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Is the fit note working?

In April 2010, the system of GP sick notes and medical certificates was replaced by the Statement of Fitness for Work, or 'fit note', as it is commonly known. How effective has it been in getting people back to work?

Staff absence through ill health costs employers dear. An estimated total of 140 million working days are lost to sickness absence every year in the UK, costing employers in the region of £9 billion for sick pay and related expenses. An estimated £13 billion each year is paid out every year in state health-related benefits.

The 'fit note' was introduced to tackle the problems of prolonged sickness absence by refocusing attention on what the employee in question may be able to do, as opposed to what they can't. A GP can either state that an employee isn't fit for any kind of work, or that they are fit for certain types of work under certain conditions. If the employee is fit for work, the GP then has to make recommendations for a phased return to work, altered hours, amended duties and workplace adaptations. This information should then form the basis for a discussion with the employer on how best to affect the employee's return to work.

While it's too early to say whether or not the fit note is succeeding in reducing absence rates in the long term, there are already encouraging signs that it is having a positive impact on how we deal with sickness absence. A recent Department of Work and Pensions survey found that many of the GPs questioned felt that fit notes provided a useful platform upon which to begin discussions with patients about work. Findings from the Chartered Institute for Personnel and Development also show that the majority of employers believe fit notes are a useful tool for helping to understand the reasons behind long-term sickness absence and can help to open up a dialogue with employees.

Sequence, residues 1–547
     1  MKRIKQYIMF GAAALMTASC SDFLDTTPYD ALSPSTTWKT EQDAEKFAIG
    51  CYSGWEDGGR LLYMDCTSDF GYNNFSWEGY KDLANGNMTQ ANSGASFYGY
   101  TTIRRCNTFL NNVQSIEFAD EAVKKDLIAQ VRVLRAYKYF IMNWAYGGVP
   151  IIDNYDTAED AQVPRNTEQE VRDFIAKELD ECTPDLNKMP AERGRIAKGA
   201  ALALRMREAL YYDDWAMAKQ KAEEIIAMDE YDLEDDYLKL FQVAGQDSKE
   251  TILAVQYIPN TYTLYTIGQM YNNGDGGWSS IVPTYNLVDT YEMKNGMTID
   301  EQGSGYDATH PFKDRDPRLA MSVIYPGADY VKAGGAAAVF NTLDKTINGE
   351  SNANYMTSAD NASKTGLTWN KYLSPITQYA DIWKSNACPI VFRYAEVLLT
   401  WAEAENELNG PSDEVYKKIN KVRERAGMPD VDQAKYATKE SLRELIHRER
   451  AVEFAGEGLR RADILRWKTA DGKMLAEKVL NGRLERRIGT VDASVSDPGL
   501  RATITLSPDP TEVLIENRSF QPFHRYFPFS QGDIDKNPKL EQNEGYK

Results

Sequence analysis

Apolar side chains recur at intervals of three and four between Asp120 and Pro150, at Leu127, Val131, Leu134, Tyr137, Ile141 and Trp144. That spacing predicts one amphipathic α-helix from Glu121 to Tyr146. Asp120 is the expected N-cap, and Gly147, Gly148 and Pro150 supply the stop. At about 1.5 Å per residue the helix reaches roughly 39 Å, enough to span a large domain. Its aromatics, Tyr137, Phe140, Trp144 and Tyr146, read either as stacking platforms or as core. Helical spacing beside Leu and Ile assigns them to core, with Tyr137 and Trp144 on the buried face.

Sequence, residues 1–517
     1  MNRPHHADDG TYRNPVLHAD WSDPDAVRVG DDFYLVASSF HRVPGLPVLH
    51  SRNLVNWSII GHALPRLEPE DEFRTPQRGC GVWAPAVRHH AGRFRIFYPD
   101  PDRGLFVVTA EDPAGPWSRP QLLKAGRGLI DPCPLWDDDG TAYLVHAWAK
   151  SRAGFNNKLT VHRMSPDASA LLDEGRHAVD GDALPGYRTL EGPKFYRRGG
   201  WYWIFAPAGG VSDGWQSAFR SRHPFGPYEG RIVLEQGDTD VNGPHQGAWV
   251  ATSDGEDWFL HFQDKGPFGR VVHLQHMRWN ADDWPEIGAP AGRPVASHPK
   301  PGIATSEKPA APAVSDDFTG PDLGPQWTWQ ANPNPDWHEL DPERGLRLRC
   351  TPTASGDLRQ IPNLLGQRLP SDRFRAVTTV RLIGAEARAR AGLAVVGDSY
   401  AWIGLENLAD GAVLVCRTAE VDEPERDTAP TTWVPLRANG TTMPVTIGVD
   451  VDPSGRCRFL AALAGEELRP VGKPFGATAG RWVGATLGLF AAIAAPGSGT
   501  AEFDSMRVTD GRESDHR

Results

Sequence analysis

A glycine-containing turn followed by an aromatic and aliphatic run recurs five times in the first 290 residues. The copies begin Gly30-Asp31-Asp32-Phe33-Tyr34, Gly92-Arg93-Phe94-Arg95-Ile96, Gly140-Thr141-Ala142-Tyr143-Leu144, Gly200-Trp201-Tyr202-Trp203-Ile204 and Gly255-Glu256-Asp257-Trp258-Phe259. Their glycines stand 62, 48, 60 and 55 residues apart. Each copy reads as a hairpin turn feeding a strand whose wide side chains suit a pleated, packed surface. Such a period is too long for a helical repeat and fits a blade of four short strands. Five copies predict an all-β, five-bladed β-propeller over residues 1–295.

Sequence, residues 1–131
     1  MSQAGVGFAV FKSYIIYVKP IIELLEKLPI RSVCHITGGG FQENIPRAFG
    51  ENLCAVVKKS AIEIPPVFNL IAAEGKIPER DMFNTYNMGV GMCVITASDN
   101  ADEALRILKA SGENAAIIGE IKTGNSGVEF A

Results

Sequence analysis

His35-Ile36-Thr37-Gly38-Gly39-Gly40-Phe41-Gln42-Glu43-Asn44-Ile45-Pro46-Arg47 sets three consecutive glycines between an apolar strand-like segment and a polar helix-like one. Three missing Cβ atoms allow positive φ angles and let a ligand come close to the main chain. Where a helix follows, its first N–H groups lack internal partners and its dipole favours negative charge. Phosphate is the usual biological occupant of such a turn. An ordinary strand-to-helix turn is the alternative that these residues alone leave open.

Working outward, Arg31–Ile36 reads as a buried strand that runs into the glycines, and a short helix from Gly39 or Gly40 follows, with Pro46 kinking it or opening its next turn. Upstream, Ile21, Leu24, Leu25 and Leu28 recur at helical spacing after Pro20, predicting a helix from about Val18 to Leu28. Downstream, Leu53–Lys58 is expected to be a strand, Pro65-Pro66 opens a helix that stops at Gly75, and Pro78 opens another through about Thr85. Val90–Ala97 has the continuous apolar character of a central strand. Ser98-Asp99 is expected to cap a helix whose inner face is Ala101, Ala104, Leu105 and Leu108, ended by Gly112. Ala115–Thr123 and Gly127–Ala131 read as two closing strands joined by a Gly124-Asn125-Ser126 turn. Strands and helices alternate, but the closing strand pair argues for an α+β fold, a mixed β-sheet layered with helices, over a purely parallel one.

Acas absence management training helps reduce absence in the workplace and improve overall workplace productivity. Experts are also on hand to work with organisations to assess specific needs and design tailored training programmes to address absence issues.

Visit the Acas training and business solutions area for more information.

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